Although other organizations work on women's issues when appropriate, none of the other social movements were much interested in making intersectionality their mission. The nation's oldest civil rights organization, the NAACP, which co-sponsored the 2004 march in alliance with women's groups, says nothing about feminism or homophobia or intersectionality in its mission statement. The largest Hispanic rights organization, National Council of La Raza, unembarrassedly proclaims that it "works to improve opportunities for Hispanic Americans."

Why did feminists get caught up in "intersectionality"? I suspect was a consequence of the ingrained idea that women have a special obligation to be altruistic, to "do for" others, which historically lumbered activist women with a broad "maternalist" agenda. From the Temperance Movement to Moms for Peace, women acting in the public sphere played the "civilizing" role that they were supposed to play in the home. This was justification for leaving the home to engage in political action. "See, we're not neglecting our domestic responsibilities--we're doing our womanly duty on a grand scale. We're not just taking care of our own children--we're working to take care of all children and, by extension, the poor, the oppressed and all people who can't take care of themselves. We're not just concerned with harmony in the home: we're concerned with peace in the world and with the creation of a kinder, gentler society."

When women campaigned for women's rights as such they were slapped down.
In 1964, when Ruby Doris Smith Robinson presented an indignant assault on the treatment of women civil rights workers in a paper entitled "The Position of Women in SNCC," to a SNCC staff meeting. Stokely Carmichael reputedly responded, "The only position for women in SNCC is prone."

Things improved over the years but there was still sense that feminists who focused exclusively on issues that benefited women were frivolous and selfish: frivolous because white, middle class women, the chief beneficiaries of feminist activism, weren't as badly off as racial minorities, the poor or other disadvantaged groups and selfish because women were not supposed to focus on their own problems--they were supposed to do for others. Women who suggested that they were unfairly disadvantaged and that this should be fixed were cast as whiners and complainers, or embittered man-haters--unless of course they could show that their feminism was "really" a larger agenda that promoted peace in the world and solidarity with all the oppressed.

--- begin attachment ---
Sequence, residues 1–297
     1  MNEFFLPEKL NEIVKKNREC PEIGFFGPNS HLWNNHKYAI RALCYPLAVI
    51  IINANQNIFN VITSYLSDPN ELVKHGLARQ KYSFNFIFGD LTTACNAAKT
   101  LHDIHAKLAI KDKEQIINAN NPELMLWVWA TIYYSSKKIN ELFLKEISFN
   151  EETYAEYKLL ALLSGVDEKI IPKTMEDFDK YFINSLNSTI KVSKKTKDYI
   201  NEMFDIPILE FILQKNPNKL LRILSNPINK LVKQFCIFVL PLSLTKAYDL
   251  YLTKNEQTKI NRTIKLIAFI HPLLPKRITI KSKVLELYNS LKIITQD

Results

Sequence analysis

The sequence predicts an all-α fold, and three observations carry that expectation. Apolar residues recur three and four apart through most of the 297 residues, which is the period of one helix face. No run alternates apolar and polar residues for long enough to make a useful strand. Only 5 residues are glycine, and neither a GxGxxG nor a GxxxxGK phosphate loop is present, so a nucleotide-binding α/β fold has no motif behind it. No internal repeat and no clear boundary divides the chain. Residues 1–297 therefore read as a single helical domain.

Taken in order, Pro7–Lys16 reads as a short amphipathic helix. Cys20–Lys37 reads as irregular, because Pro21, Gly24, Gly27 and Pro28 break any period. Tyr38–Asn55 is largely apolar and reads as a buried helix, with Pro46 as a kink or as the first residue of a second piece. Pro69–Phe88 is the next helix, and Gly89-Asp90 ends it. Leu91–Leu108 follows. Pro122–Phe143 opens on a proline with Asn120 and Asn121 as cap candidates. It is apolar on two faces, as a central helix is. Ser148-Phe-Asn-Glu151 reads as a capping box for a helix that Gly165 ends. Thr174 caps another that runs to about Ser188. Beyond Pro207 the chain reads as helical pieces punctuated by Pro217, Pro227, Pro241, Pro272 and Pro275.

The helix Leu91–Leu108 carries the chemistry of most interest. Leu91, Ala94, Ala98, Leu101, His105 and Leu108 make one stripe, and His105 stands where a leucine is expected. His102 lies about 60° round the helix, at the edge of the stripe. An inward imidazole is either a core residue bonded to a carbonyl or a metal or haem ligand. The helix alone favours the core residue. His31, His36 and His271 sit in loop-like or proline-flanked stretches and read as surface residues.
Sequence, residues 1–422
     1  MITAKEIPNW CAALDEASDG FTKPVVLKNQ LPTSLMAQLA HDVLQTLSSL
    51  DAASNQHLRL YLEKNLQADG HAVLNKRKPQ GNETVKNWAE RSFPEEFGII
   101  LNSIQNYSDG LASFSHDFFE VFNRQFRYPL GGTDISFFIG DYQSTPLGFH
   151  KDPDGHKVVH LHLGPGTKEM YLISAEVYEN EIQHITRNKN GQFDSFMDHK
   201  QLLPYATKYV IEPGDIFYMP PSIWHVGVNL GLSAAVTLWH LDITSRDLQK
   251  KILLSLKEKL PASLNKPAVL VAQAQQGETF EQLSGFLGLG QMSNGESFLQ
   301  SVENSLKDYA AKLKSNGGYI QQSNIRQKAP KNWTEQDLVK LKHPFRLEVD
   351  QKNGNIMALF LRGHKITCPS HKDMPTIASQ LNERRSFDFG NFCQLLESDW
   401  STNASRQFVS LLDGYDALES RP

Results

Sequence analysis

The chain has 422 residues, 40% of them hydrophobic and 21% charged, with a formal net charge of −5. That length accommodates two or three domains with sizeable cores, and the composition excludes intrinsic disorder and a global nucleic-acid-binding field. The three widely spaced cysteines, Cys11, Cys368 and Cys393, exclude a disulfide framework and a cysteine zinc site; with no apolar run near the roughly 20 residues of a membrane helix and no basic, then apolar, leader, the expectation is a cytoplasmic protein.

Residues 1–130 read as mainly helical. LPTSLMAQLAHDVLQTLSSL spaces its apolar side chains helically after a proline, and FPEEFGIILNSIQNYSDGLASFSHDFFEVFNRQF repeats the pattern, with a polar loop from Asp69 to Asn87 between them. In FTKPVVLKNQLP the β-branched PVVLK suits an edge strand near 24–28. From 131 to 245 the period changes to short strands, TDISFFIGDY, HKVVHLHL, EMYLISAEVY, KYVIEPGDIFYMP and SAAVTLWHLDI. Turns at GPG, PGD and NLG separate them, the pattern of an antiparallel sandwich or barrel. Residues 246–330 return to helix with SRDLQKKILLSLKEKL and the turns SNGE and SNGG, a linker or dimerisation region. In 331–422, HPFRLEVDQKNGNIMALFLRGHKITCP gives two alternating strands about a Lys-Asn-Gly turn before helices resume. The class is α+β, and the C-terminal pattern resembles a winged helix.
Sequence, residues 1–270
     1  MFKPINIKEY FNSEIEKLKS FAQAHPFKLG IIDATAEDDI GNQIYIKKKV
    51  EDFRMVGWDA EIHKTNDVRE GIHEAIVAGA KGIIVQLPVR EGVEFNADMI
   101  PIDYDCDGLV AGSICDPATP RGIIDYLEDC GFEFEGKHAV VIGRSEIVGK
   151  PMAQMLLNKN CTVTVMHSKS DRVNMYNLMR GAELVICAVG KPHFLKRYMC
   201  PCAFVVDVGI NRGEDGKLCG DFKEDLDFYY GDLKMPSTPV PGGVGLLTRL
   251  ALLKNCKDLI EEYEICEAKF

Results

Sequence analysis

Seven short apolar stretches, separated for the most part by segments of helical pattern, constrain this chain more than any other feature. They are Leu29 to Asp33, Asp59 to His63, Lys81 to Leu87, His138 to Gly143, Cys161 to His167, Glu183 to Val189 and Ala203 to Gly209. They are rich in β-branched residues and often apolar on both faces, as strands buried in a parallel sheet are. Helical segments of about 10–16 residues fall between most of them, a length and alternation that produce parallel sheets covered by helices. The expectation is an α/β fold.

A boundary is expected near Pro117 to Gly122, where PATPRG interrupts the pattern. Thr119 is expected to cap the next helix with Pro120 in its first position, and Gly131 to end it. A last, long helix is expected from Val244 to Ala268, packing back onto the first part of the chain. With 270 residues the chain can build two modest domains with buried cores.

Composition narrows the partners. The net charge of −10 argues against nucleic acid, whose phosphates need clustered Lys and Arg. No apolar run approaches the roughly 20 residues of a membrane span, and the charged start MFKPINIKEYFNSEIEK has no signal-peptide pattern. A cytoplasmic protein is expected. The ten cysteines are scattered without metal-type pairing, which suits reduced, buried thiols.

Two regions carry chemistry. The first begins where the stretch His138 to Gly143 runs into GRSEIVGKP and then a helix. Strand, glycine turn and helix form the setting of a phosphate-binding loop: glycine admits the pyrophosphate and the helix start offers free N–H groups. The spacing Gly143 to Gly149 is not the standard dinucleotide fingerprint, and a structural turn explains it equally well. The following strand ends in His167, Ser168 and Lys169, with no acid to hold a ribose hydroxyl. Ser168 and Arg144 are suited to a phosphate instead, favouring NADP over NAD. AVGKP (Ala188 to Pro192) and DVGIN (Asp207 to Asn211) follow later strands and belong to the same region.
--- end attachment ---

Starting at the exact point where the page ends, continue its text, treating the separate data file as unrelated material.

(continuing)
Unlike the NAACP and other civil rights organizations that promoted the interests of ethnic minorities, NOW and other feminist organizations were pressed to prove their legitimacy by making the case their mission was to combat all "
interrelated oppressions." No one chided civil rights activists for being "selfish" if they concerned themselves with advancing the interests of ethnic minorities: the NAACP was, after all, the National Association for the Advancement of Colored People. That was the job they did. And that certainly wasn't to say that they wouldn't cooperate with other organizations in mutually beneficial projects or that members weren't concerned with other social problems. No one suggested that with the passage of the Civil Rights Acts of the 1960s and the progress black Americans made since then the civil rights movement was passé or that the NAACP should concern itself with the plight of starving people around the world who were much worse off. The NAACP was the National Association for the Advancement of Colored People--it was not a foreign aid organization.

Feminists by contrast were pressed to prove that they weren't fighting some battle of the sexes for their own selfish ends (women were not supposed to be selfish) and once "intersectionality" became the official theology it was futile to kick against the goads. As the author notes, this was certainly true in "academic circles." I've been there. And it is very difficult to have a discussion of the disadvantages women still face or how to fix things without having it veer off into a discussion of various other social injustices and a rousing call for the Solidarity of the Oppressed.